You’re a rational human being aren’t you? You evaluate the evidence, and then make a decision based on the strength on that evidence. You have an open mind. Except you’re human, and that means that you’re perhaps not as rational as you might think. You see, there’s something called confirmation bias. This is where we tend to search for information that supports our preconceptions. If we come across new information, we tend to interpret it in such a way that it will confirm our previously held beliefs. This is one of many biases that together it impossible humans from being rational in our day to day lives.
When I was just starting to get involved in athletes, I remember two studies getting a lot of attention. The first stated the the physiological limits of humans meant that the 100-meter world record could not be lower than 9.64 seconds. At the time it was 9.79 seconds. The second was that women were catching up with men in 100-meter performance, and would one day overtake them. Fast forward over 10 years, and we can see that these studies have largely been proved false. For a start, the 100m World Record for men is now 9.58 seconds, faster than was projected to be possible. Secondly, women are not catching men up in performance; if anything men are moving further away.
There is an inevitable point in every athlete’s life where sport becomes less important. This could be a student or junior athlete giving up on their dreams of becoming a professional athlete, a professional athlete realising that they are no longer competitive, or the Olympic champion succumbing to injury; no matter what the situation, there is a transition from athlete to human being.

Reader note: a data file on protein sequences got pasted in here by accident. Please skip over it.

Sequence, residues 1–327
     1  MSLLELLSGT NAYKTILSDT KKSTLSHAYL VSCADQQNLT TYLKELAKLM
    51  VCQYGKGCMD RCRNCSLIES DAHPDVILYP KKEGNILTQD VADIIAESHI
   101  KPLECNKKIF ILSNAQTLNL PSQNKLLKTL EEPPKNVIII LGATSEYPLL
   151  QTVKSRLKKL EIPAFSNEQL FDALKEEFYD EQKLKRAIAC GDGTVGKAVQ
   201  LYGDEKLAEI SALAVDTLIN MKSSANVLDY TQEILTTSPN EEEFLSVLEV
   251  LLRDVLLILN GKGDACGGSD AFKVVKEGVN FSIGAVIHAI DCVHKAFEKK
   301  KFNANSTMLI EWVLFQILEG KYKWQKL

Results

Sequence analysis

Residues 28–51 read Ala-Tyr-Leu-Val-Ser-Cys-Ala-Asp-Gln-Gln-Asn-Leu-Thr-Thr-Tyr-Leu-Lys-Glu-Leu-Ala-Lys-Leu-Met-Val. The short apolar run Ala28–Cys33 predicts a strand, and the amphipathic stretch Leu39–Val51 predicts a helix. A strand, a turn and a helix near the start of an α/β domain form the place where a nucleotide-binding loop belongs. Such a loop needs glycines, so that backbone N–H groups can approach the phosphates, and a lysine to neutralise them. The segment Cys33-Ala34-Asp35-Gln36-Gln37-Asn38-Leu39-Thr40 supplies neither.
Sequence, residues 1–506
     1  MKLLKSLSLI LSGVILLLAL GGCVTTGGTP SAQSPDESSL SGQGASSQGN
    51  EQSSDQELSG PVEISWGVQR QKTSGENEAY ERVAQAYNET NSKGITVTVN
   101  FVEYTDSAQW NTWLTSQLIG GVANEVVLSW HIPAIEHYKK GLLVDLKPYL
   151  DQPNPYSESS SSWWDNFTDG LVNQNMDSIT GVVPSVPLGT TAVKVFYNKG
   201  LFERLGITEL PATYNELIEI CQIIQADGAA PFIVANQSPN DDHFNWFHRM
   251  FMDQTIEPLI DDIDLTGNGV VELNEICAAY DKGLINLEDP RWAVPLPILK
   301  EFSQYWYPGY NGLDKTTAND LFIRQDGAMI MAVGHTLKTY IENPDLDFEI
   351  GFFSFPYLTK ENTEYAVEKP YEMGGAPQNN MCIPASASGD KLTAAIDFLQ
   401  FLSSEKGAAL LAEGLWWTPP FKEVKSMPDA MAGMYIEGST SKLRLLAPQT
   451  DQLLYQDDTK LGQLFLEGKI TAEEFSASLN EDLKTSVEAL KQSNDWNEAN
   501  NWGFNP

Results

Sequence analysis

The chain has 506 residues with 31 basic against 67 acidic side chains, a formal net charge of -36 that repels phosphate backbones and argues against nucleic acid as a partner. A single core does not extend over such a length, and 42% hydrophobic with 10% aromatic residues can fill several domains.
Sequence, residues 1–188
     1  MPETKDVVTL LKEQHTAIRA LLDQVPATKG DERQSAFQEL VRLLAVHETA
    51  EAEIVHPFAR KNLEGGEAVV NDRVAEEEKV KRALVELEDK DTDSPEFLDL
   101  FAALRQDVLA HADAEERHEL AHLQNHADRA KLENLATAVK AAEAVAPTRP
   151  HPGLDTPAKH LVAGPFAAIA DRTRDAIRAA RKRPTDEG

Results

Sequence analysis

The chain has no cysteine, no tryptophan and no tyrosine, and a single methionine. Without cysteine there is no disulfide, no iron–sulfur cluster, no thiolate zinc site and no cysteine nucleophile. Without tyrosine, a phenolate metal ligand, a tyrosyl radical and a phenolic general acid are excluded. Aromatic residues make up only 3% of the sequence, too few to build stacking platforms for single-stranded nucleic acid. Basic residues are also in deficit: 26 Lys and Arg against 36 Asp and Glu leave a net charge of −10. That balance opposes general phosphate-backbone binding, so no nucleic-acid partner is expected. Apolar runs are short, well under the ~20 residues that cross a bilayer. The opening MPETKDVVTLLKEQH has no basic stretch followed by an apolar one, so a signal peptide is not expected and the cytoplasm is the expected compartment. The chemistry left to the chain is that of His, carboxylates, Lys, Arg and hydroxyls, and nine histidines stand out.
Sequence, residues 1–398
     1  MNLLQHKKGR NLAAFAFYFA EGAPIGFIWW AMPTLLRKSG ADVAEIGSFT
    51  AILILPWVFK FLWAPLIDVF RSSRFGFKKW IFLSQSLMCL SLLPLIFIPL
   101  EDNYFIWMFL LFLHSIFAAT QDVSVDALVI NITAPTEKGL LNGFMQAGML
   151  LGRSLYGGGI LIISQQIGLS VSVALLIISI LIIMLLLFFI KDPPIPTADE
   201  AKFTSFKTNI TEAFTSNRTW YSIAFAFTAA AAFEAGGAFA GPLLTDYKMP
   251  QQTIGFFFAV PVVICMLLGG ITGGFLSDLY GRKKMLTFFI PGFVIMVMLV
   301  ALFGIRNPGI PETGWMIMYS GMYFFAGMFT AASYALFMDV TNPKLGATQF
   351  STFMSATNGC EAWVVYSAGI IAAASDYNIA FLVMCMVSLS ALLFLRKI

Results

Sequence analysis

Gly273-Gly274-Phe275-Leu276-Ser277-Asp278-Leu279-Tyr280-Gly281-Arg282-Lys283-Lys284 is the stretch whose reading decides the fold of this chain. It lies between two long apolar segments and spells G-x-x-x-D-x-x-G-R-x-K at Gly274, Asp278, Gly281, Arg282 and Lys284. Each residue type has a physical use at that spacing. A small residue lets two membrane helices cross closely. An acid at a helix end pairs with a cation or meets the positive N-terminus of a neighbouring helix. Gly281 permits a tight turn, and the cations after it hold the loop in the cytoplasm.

I started a new series last month called the Sports Science Monthly with the goal of translating the latest sports science research into information that coaches can use. In this month’s edition we take a look at five new topics ranging from sled pulls to sleep patterns. The full Sports Science Monthly is available exclusively to HMMR Plus Members, however we have included the first overview free to everyone below. Sign up now to read about all the research. To get an idea of what Sports Science Monthly is all about, our April 2016 edition is available in its entirety for free.
Talent identification is often a hot topic within sports science and sports coaching. If you could find a way to identify people who have the ability to be elite, you could better focus your resources on them, increasing the chances of their success. It also means you can focus less resources on those that likely won’t make it, as cut-throat as that may be. In recent years, a conversation has started to occur regarding the use of genetic testing in talent identification. The thought process being that, if you test a promising athlete’s genes, you can see whether they have the genetic ability to be a world class athlete or not.